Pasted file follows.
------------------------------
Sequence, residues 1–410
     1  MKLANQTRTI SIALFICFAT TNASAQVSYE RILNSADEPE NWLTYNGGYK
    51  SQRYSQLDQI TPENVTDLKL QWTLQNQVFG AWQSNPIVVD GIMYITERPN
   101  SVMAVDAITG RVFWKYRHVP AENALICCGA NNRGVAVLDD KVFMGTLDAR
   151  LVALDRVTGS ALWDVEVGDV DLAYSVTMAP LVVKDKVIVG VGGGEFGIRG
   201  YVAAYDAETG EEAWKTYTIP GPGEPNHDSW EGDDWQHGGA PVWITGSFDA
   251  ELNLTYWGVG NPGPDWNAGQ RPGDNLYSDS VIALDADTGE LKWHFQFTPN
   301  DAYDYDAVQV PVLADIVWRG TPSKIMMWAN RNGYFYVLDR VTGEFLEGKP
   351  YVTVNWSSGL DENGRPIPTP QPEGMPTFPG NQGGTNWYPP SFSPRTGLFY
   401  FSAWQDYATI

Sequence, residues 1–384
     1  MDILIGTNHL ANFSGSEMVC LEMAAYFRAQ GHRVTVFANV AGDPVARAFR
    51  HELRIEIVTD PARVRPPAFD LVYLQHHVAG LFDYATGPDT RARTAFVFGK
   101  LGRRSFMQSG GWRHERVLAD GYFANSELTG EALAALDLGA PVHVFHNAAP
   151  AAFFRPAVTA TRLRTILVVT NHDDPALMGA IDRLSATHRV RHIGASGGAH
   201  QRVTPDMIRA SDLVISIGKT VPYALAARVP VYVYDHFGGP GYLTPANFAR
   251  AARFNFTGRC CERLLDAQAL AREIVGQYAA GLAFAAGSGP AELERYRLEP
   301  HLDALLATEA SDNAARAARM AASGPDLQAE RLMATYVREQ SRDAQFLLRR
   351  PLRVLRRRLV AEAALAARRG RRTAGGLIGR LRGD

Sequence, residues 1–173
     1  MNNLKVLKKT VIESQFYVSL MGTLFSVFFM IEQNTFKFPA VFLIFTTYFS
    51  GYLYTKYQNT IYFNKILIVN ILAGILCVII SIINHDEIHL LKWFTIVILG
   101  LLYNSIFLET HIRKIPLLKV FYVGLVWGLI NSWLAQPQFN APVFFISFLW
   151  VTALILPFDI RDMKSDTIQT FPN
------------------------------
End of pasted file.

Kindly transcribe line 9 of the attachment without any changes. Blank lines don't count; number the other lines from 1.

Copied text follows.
   351  YVTVNWSSGL DENGRPIPTP QPEGMPTFPG NQGGTNWYPP SFSPRTGLFY